Jenny arrived at the Poorhouse on July 16, 1869 as inmate #36. At the time, she was listed as 90 years old, although there is no way of knowing for certain exactly how old she was because she was not able to verbally communicate. Her tongue was cruelly cut off many years before she entered the Poorhouse, the reasons for this are still unknown. This mutilation made it almost impossible for Jenny to communicate anything about herself except for her first name. She was given the nickname “Old Jenny” by Waterloo County locals who were accustomed to seeing her wandering the streets.
While she was staying at the Poorhouse, she met William Jaffray when he made his visit to the Poorhouse in 1871. He wrote this about her:
She is an old acquaintance of the people of Waterloo. Not being able to tell her own story by reason of mutilation of the tongue that she has managed to describe by signs as having been cruelly wrought upon ship board and all that is know of Jenny has been gleaned from other sources. She has always been “silly” with a furious fashionable fondness for all sorts and sizes of bonnets. So avaricious has she been in this respect, when roaming the country, that Jenny has often been met with half a dozen story’s of bonnets on at a time. Old Jenny will no doubt spend the remainder of her days in the Poor House, and, by present appearances promises to be one of those who shall long in the land. She had been a wanderer of the country for 35 years, and was sent to the institution by the township of Waterloo.
This brief insight let’s us understand some of the intricate details of Jenny’s life. She may have immigrated to Canada from a different country, as Jaffray’s article states that she was “wrought upon ship board”. As well, Jenny most likely made up the population of “wandering poor” that would travel from village to village and city to city in search of a place to sleep and something to eat.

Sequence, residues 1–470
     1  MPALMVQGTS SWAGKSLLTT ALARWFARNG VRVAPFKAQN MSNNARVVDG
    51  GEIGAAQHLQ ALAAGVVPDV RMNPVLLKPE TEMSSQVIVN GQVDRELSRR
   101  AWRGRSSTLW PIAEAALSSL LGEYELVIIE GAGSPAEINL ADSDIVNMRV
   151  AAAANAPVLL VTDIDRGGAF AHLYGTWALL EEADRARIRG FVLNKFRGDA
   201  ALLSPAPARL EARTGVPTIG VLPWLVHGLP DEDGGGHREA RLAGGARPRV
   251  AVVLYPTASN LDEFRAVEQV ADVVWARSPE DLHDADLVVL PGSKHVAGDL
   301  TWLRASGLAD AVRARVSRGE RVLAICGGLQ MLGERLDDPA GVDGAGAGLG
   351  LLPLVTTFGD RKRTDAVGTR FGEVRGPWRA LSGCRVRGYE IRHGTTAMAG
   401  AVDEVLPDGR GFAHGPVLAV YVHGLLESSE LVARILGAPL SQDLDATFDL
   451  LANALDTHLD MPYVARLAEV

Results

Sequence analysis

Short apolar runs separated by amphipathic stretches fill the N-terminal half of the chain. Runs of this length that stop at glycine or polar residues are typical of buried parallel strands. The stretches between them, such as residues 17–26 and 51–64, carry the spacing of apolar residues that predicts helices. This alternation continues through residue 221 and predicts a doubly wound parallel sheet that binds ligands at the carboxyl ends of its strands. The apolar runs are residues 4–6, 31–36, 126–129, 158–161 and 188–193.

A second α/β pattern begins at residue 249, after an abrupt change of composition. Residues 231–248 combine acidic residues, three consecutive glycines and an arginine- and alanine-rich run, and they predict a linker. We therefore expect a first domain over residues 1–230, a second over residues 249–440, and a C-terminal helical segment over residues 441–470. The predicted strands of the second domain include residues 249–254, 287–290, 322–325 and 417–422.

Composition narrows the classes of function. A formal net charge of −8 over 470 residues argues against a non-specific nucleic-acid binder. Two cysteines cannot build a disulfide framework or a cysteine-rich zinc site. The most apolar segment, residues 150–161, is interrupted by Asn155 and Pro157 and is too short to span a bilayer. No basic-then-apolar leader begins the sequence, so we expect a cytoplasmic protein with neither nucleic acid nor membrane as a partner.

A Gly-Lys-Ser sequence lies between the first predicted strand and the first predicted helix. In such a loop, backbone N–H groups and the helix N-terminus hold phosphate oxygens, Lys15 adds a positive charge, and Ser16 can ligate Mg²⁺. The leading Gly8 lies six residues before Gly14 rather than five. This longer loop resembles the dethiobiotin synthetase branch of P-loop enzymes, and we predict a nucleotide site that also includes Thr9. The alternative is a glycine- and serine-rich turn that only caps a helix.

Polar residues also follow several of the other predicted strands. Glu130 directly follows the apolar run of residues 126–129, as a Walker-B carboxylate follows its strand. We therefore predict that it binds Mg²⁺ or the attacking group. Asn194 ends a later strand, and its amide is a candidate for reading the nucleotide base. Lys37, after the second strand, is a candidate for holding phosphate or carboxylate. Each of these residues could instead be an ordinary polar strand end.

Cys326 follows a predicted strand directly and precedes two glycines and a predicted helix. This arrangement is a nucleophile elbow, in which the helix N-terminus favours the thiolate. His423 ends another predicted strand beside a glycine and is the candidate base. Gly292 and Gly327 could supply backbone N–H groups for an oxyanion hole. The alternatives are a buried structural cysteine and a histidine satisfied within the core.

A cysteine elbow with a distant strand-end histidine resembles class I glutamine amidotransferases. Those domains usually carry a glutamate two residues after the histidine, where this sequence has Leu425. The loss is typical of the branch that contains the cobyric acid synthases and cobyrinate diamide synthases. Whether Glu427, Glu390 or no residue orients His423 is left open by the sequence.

Before entering the Poorhouse, she was living in the Waterloo County, often relying on compassionate members of the community to take her in and care for her. There is an instance of the Township of Waterloo refunding John W. Martin for taking care of Old Jenny before she was committed to the Poorhouse in 1869.
Old Jenny appeared on the 1871 Census for the House of Industry and Refuge as one of the inmates. She is listed on the census as “over 20 and unable to read or write”, “deaf and dumb”, and “unsound mind”. There are remarks beside her name stating “idiotic, cannot get -any- information”. This also indicates that she may have been suffering from severe mental illness and was not able to communicate with those around her.
Jenny remained in the Poorhouse until her death on March 29, 1880. She died of old age. She was listed here as being widowed, which is the first time she is recorded as having been previously married.
The last remarks on her death certificate, which was recorded by Dr. Walden, read: “Her tongue was cut off many years ago. She is remembered by many old people [for] being an old woman in their youth- could not give her name other for name above stated. She was buried in the House cemetery.